As one of two major components to Original Medicare, Medicare Part A offers hospital insurance to Florida residents who are eligible for the Medicare program. Part A provides inpatient care in hospitals, certain services in skilled nursing facilities, hospice care, and home health care.
Medicare Part A is part of a national insurance program that is offered to all individuals age 65 and above, who are U.S. citizens and permanent residents of five years or more, including those in the state of Florida. Florida residents under the age of 65 may also qualify for Medicare Part A due to a qualifying illness or disability.
Most Florida Medicare beneficiaries are automatically enrolled in Medicare Part A when they are first eligible. For Florida residents who are eligible but have not yet received their Medicare card in the mail, they may have to fill out an application for Medicare Part A.
Medicare Part A covers a variety of different services for eligible Florida Medicare beneficiaries, including:
Please note that staying overnight in a hospital does not automatically provide inpatient status. Florida Medicare beneficiaries are only considered an inpatient when they are formally admitted to a hospital under the direct order of a doctor. Medicare Part A only covers certain services received as an inpatient, not an outpatient.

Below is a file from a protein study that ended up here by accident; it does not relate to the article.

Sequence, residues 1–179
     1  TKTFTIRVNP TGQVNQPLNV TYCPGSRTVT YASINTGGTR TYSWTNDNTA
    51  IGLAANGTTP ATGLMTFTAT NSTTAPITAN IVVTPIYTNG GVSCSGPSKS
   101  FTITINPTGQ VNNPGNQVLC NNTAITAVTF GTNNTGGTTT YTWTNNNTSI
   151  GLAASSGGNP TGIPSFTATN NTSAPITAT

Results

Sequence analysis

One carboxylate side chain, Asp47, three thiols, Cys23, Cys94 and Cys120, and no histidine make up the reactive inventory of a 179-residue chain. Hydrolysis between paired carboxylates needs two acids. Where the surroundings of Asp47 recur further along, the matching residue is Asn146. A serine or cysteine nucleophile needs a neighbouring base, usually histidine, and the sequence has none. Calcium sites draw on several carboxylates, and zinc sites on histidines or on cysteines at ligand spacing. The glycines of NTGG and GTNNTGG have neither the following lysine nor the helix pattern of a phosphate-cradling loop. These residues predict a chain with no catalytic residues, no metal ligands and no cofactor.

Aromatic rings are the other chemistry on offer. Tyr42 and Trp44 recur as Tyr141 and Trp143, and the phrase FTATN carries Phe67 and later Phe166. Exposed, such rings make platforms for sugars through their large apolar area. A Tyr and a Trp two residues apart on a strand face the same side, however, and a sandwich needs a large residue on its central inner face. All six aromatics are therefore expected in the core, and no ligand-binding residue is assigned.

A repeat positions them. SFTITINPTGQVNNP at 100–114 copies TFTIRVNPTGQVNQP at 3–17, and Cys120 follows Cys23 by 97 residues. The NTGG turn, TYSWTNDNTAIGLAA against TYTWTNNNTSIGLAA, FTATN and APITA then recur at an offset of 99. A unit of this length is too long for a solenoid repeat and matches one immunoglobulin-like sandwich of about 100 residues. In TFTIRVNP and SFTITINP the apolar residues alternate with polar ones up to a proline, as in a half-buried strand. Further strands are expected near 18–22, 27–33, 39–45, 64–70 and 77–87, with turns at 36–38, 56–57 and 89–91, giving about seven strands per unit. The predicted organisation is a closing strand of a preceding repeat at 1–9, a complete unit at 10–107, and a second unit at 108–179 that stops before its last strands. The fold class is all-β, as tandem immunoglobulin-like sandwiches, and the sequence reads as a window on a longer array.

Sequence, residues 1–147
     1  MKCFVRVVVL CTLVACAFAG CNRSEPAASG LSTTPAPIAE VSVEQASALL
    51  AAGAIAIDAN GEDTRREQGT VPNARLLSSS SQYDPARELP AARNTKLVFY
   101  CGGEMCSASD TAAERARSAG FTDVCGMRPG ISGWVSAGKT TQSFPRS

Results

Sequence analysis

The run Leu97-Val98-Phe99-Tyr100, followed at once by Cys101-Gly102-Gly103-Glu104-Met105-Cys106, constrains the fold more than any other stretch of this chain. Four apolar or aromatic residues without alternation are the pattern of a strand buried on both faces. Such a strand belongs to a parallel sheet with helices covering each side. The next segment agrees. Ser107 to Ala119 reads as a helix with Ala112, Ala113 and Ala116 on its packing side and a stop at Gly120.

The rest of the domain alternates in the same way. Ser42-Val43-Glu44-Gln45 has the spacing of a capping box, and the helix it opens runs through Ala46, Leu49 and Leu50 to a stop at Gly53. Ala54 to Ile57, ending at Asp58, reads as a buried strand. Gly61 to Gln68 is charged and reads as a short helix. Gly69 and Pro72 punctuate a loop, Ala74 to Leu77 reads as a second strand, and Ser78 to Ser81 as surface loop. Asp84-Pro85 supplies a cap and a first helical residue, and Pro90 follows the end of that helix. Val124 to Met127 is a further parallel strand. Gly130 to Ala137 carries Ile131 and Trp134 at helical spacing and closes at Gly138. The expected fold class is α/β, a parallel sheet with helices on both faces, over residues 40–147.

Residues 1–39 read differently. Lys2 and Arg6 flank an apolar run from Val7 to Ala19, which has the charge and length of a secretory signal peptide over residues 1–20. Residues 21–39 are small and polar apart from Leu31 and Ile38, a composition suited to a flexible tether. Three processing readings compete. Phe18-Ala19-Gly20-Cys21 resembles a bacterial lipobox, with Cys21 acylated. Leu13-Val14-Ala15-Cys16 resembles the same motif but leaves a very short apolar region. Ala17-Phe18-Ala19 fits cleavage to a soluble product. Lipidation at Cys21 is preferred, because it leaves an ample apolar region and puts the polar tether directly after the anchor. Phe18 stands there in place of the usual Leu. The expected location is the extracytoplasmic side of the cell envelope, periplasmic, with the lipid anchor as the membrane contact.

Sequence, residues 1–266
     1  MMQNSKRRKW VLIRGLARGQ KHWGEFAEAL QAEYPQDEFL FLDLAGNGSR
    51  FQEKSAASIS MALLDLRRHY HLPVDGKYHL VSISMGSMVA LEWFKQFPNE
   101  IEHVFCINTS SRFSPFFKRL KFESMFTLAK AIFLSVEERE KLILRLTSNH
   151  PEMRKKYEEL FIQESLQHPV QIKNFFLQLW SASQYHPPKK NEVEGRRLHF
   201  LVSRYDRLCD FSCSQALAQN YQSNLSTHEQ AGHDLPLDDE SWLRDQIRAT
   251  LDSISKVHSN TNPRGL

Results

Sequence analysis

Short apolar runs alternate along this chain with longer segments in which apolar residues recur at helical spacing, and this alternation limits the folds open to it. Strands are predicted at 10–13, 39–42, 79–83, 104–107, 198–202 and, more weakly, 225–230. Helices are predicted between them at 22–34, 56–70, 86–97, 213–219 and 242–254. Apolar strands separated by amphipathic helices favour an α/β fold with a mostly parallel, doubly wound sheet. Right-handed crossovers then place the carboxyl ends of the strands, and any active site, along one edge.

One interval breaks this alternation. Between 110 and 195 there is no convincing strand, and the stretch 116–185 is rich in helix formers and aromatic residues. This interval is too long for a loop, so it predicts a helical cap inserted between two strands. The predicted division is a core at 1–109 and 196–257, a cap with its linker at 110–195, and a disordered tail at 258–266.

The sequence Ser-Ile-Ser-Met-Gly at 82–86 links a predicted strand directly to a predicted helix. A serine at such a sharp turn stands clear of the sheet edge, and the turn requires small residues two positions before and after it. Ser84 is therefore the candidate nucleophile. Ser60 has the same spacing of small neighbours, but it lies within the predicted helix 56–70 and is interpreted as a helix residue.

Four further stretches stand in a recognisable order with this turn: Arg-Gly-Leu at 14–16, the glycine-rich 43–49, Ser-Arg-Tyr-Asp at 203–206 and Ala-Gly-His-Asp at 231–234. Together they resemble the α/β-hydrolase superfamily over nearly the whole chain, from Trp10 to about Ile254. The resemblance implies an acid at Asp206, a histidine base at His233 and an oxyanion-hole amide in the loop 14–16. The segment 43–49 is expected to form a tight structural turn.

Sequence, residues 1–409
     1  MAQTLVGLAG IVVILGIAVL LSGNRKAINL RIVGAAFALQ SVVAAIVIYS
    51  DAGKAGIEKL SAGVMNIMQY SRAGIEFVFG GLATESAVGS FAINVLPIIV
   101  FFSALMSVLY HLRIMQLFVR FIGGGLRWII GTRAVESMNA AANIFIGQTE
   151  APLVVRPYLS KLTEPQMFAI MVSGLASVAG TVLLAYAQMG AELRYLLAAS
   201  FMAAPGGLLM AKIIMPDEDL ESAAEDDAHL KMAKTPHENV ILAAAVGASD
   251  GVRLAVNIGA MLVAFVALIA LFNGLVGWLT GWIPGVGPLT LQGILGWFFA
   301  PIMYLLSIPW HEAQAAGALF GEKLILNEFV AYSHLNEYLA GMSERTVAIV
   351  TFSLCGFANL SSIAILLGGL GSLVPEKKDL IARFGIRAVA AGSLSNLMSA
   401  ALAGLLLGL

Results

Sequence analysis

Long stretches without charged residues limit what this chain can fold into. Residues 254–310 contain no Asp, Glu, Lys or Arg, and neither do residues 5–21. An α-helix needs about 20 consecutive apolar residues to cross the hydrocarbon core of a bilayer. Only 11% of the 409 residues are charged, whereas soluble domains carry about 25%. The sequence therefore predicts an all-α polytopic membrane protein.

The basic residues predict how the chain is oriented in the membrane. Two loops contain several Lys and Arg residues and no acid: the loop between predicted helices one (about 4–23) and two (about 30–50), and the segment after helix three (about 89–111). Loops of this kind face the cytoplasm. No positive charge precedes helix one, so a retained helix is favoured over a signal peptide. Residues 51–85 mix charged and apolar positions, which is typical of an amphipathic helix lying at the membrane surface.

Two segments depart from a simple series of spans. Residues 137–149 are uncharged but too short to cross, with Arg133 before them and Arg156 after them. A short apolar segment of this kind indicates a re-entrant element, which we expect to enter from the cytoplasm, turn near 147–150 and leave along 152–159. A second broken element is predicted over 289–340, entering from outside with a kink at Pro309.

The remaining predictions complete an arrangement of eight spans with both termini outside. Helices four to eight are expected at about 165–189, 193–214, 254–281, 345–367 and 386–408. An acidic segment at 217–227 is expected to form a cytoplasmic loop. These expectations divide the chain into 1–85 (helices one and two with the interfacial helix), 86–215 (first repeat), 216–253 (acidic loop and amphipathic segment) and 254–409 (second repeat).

Many Florida Medicare beneficiaries are eligible to receive premium-free Part A. They are not required to pay a monthly Part A premium because they have paid Medicare taxes while working for ten years (40 quarters) or more. There may be copayments, coinsurance, and deductibles that apply for each Part A-covered service that will need to be paid either out-of-pocket or through other insurance coverage.
Those who are not eligible to receive premium-free Part A can still purchase Medicare Part A if they meet the general Part A eligibility requirements. In 2012, the premium amount for Florida residents who purchase Part A is $451. Please note that Florida residents who choose to buy Part A must also have Medicare Part B and pay premiums for both.
For Florida residents who are not eligible for premium-free Part A and do not buy it when they are first eligible, their monthly premium would increase by 10%. The Medicare Part A late enrollment penalty would apply for twice the number of years they could have enrolled in Part A, but opted not to sign up. Florida residents with a Special Enrollment Period to sign up for Medicare Part A are generally excused from the Part A late enrollment penalty.
Florida Medicare beneficiaries should consider getting additional Medicare coverage after enrolling in Original Medicare. Not all health care costs are covered by Part A and Part B; hence, eligible beneficiaries have the option to enroll in a private health insurance plan to get additional health benefits (Medicare Advantage plans), prescription drug coverage (Medicare Advantage Prescription Drug plans or Medicare Part D plans), or coverage to fill in the gaps in Original Medicare coverage (Medicare Supplement or Medigap plans ).